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Modern Wild

Nature has inspired artists since the dawn of time, from ancient sculpture to impressionist landscapes to photography. Animal portraits and wildlife scenes may be thought of as predominantly traditional in style, but these contemporary artists have a fresh perspective that proves there is wildlife art for all tastes. With a dose of whimsy, a nod to ancient and modern methods, and a hint of pop art, we’re dubbing these “modern wild.”

Rachelle Oatman


Rachelle Oatman’s anthropomorphized dog portraits could put even the trendiest of us humans to shame. Combining history, high fashion, and a variety of lovable breeds, her playful scenarios are well-loved and collected internationally by clients such as Valentino and Princess Caroline of Monaco.With a creator who lives and works between Milan and New York City, it’s no mystery where these classy canines get their style and savvy from.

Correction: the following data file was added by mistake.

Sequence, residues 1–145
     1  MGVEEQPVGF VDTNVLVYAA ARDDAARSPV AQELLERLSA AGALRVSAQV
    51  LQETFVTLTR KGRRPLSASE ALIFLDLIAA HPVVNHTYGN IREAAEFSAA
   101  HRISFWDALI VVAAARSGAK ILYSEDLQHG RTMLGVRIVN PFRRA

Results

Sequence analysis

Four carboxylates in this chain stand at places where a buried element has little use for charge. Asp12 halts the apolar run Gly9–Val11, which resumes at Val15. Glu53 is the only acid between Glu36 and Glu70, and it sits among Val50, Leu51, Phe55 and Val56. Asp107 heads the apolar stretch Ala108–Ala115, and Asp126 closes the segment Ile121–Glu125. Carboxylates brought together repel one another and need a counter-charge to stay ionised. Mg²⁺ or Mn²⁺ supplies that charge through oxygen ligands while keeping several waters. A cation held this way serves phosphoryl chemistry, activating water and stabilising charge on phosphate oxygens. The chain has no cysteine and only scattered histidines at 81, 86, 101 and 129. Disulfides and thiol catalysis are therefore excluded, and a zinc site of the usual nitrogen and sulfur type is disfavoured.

Dog & Horse Fine Art & Portraiture
102 Church Street

 Colby Caldwell


Black sweater provided by Ibu

Utilizing direct scans, large format digital printing, and wax coatings, Colby Caldwell’s photography has shed nearly all remnants of traditional practice. His work continuously explores the myriad connections between photography and memory, and most recently has focused on the landscape’s ability to record events. His lonely images of small birds and emptied shotgun shells—products of hunting found on his property—are a poignant reminder of the human footprint on the world around us.

Atelier Gallery
153 King Street

Michele Kortbawi Wilk


AVO Hand-painted Cowhide Rug: Fritz Porter; Ikat Jacket, Orange Pants: Ibu; Lamp: Distil Union

Michele Kortbawiwilk channels her innate passion for animals into her painting, often situating her precisely rendered creatures in patterned, metallic environments that are equally unexpected and enchanting. Having worked closely with both exotic and domestic animals in her early career, Kortbawi Wilk is able to imbue a quiet intimacy into her images that sets them apart from the rest, allowing us to feel a connection similar to the one she shares with these majestic creatures.

Principle Gallery
125 Meeting Street

By: Marjorie Rawle
Art Direction: Elizabeth Bulwinkle
Photos: Karson Photography

Posted in Visual on January 19, 2016 (Winter 2016) by Matt Mill.

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